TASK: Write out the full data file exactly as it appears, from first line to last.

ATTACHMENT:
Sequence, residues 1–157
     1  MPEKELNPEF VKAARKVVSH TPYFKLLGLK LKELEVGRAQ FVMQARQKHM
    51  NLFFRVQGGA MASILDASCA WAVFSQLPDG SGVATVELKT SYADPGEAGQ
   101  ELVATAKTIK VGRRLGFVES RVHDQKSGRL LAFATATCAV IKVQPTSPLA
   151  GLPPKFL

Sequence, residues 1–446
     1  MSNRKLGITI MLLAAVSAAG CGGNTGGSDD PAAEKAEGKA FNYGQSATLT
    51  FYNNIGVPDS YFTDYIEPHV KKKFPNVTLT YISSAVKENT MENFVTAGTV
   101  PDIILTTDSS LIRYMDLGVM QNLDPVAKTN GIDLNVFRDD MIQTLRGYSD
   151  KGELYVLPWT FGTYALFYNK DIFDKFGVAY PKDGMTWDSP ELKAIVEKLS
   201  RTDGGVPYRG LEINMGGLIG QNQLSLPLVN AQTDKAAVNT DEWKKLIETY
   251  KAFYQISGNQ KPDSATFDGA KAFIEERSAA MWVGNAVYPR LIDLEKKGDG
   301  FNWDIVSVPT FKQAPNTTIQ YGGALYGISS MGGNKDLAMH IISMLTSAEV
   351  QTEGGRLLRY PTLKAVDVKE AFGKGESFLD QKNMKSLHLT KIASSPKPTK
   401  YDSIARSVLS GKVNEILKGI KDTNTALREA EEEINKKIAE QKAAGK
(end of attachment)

Sequence, residues 1–157
     1  MPEKELNPEF VKAARKVVSH TPYFKLLGLK LKELEVGRAQ FVMQARQKHM
    51  NLFFRVQGGA MASILDASCA WAVFSQLPDG SGVATVELKT SYADPGEAGQ
   101  ELVATAKTIK VGRRLGFVES RVHDQKSGRL LAFATATCAV IKVQPTSPLA
   151  GLPPKFL

Sequence, residues 1–446
     1  MSNRKLGITI MLLAAVSAAG CGGNTGGSDD PAAEKAEGKA FNYGQSATLT
    51  FYNNIGVPDS YFTDYIEPHV KKKFPNVTLT YISSAVKENT MENFVTAGTV
   101  PDIILTTDSS LIRYMDLGVM QNLDPVAKTN GIDLNVFRDD MIQTLRGYSD
   151  KGELYVLPWT FGTYALFYNK DIFDKFGVAY PKDGMTWDSP ELKAIVEKLS
   201  RTDGGVPYRG LEINMGGLIG QNQLSLPLVN AQTDKAAVNT DEWKKLIETY
   251  KAFYQISGNQ KPDSATFDGA KAFIEERSAA MWVGNAVYPR LIDLEKKGDG
   301  FNWDIVSVPT FKQAPNTTIQ YGGALYGISS MGGNKDLAMH IISMLTSAEV
   351  QTEGGRLLRY PTLKAVDVKE AFGKGESFLD QKNMKSLHLT KIASSPKPTK
   401  YDSIARSVLS GKVNEILKGI KDTNTALREA EEEINKKIAE QKAAGK